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Pushing or Pulling? Thinking critically about why three young women left Bradford for Syria

Think Global’s Head of Programmes Monika Kruesmann picks up on complexities behind the decision of three young women to leave Bradford for Syria; and considers the role of critical thinking in understanding both the ‘push’ and ‘pull’ factors.

There was an interesting article in The Independent recently that raises some pretty tough questions about why a small group of Muslim women, together with their children, recently left their homes in Bradford to travel to war-torn Syria, apparently to live under the aegis of the group calling itself Islamic State.

One paragraph in particular caught my eye. Naz Shah, the family’s local Bradford West MP, was quoted as pointing out the need to think carefully about why this has happened; including considering the role that British attitudes, circumstances and contexts may have played. “I think we need to take a really good look at things in terms of what’s a draw to Isis… What’s the pull factor from that side and the push factor from our side?”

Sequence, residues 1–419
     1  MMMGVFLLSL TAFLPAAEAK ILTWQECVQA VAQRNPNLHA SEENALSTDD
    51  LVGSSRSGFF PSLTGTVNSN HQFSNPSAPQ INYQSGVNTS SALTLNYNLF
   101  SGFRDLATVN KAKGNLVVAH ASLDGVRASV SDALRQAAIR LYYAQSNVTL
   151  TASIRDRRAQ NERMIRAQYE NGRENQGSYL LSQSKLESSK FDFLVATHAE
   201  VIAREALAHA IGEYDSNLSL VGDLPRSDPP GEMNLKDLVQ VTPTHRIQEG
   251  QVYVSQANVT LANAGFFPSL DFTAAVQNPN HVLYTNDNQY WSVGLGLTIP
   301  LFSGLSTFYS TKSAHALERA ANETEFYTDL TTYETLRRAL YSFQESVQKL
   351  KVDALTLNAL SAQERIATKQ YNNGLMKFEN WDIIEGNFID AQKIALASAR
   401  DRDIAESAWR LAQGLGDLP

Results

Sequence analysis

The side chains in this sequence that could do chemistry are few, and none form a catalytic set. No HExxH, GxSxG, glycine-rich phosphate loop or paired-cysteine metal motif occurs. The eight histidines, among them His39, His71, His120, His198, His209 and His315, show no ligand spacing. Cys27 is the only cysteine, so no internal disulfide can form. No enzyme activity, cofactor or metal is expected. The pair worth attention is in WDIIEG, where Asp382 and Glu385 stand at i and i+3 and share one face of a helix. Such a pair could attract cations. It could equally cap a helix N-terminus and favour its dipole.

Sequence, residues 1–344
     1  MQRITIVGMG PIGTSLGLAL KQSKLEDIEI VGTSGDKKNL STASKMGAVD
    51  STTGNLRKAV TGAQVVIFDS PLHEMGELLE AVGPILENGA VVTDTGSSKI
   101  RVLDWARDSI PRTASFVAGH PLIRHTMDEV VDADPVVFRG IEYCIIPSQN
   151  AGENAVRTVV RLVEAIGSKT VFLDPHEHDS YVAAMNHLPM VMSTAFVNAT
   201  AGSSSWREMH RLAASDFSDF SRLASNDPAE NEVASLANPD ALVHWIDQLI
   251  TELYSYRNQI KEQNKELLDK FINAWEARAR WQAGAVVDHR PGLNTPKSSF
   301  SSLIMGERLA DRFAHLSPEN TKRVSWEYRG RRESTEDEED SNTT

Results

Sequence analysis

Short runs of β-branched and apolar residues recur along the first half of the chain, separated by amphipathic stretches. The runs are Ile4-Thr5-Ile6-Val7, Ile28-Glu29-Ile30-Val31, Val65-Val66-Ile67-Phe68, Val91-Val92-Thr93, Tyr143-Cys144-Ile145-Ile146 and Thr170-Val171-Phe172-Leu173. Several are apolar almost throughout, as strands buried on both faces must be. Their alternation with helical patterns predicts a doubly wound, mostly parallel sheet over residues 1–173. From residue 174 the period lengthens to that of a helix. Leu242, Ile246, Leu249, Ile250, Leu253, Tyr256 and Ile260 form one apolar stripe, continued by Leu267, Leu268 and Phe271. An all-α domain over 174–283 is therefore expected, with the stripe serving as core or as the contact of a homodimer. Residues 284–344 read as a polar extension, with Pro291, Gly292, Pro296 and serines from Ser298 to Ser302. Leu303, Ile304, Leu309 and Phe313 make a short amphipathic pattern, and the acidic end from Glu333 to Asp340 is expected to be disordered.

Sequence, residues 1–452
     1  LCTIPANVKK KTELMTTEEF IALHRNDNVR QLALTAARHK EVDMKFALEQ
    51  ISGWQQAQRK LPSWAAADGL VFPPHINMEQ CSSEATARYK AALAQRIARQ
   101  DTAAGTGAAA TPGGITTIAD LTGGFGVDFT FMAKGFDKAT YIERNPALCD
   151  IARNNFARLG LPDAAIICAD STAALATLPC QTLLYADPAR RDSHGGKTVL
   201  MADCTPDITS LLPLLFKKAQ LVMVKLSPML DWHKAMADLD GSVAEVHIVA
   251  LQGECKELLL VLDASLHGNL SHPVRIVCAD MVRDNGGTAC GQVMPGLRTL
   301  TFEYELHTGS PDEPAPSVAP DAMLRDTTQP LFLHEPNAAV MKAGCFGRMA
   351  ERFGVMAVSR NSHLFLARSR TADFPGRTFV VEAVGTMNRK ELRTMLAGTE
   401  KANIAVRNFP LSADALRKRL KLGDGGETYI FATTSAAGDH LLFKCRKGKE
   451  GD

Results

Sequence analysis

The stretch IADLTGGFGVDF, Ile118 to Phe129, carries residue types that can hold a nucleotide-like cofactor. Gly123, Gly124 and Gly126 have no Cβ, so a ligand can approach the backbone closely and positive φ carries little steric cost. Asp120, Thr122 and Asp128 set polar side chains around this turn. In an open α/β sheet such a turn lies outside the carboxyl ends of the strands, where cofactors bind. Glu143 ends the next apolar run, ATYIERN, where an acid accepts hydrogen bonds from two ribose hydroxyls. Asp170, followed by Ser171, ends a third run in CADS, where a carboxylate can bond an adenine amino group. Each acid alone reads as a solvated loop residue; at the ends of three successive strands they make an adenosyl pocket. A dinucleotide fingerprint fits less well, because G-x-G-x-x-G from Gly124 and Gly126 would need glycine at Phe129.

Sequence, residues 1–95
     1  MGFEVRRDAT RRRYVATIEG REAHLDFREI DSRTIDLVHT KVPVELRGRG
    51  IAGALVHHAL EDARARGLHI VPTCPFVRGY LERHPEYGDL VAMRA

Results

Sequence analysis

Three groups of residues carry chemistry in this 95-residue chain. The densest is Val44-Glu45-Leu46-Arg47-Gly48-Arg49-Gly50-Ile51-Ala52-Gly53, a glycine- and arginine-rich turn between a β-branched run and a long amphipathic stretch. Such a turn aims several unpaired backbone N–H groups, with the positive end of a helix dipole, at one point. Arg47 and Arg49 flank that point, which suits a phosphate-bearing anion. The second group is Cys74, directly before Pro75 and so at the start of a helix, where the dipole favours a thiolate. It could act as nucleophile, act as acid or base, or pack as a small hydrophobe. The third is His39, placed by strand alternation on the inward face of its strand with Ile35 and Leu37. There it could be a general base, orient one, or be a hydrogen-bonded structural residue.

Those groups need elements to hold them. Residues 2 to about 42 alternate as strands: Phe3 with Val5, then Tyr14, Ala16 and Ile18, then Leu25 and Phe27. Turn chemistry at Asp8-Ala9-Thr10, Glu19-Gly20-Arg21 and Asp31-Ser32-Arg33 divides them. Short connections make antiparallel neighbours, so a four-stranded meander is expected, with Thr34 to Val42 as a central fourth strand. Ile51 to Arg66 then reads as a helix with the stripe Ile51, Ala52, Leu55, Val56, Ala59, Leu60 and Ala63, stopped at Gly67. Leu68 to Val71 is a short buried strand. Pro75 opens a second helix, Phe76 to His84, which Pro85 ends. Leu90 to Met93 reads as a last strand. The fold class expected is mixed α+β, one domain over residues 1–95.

This really struck me as important. So much of the current debate and discussion about terrorism, cultural difference and migration is prejudiced and polarised – the fault and blame too often lie squarely in one camp or the other; and quite often it seems to be in the “non-British” camp (whatever that might mean from day to day)… It’s refreshing to hear someone in a public position being astute and courageous enough to suggest a more sophisticated interpretation.

Even more to the point, Ms Shah then went on to ask “What are we doing in terms of community development and what are we doing in terms of engaging with children and promoting critical thinking skills?”

Quite so. At Think Global we might describe our entire mission as being about engaging with children and promoting critical thinking skills – and it’s encouraging to see this reflected in Ms Shah’s comments too. We do need to connect with young people about these complex issues; not only because young people might be more vulnerable to exploitation and manipulation, but also because it’s young people themselves who can have the answers and solutions to problems. By giving them frameworks and tools to think systematically and analytically about complicated realities and experiences, we are giving them positive power.

I hope that many people will pay attention to Ms Shah’s comments; and be encouraged to think critically themselves.

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